- Posted January 9, 2013 by
Johannesburg, South Africa
This iReport is part of an assignment:
Women: Share your stories of change
How the Boer War affected my family
My great-great grandparents were Daniel and Francina Van Graan. Hestira (my great-grandmother) was their 6th child. She was only six years old when the second Boer War broke out in South Africa.
When the war broke out Hestira was staying with relatives because she had measles. Here was where she was captured by the British and taken to a concentration camp. She was held in the concentration camp for the duration of the war - her parents didn’t know whether see was alive or dead.
By the end of the war there were about 94,000 people in these camps and about 30,000 Boer women and children died of disease and starvation.
Hestira’s father Daniel and his eldest son went to fight. Daniel was a field Cornet in the Potchestroom area.
His wife Francina stayed on the farm until she became a fugitive. Francina was considered a fugitive because she used to hide food, supplies and horses in the banks of the Mooi River for the Boers.
The British found out about this and were planning to take her to concentration camp, but she was warned about it and she sent for help. Her husband and some of his men came to rescue her.
She became very well known in the area, but she was continually on the run for the next 2 years. She used to leave notes for the British troops saying things like “the faster you chase use the faster we grind our corn” because they had attached a grinder to the wheels of their wagon.
Once she was almost caught. Spies had told the British where she was staying, but when she saw the soldier coming she ran up to the bedroom and told her friends to tell the British that she was giving birth. She started to yell and scream ‘the baby’s coming’. The soldier was so embarrassed he left. In the meantime she and her children climbed out of the window and into a wagon.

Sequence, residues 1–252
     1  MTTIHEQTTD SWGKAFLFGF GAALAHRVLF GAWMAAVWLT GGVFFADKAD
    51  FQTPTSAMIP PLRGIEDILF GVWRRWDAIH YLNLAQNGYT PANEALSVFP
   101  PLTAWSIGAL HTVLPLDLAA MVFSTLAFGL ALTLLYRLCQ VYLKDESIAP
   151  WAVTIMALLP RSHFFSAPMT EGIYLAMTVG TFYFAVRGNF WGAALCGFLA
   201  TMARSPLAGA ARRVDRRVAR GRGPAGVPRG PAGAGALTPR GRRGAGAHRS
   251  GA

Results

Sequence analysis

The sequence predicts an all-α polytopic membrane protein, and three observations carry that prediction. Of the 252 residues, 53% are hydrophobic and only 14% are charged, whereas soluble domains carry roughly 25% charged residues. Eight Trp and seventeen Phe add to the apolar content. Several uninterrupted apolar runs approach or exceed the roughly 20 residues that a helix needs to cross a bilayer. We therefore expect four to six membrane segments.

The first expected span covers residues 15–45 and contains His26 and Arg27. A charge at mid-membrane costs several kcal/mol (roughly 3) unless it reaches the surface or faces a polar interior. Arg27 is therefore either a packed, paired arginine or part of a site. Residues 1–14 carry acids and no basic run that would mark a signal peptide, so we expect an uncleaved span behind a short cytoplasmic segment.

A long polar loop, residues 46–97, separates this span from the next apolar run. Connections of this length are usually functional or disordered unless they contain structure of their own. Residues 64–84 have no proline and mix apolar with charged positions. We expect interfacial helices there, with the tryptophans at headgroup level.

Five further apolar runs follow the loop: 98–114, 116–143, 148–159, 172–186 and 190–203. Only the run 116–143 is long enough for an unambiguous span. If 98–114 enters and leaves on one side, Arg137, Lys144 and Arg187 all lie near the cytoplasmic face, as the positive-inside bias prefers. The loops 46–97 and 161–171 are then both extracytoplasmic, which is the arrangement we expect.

While all this was happening Daniel continued to fight. He was wounded 7 times; the last time was in the head.He was to badly hurt to keep up with the others, so they made him a bed and left him in the path of the British, who they hoped would give him medical attention.
The British helped him even though he and his wife had a price on their heads.
In 1902 the war ended and the family traveled back to their farm, but like many others it had been burnt down by the British. Hestira, who is my great grandmother, survived the camp and was reunited with her family.
I wrote this as an essay (with my family’s help) when I was in high school. It’s a true story.
Photo: Hestira Van Graan and husband Stephanus du Toit
|This iReport is part of an assignment that we created with : Women: Share your stories of change|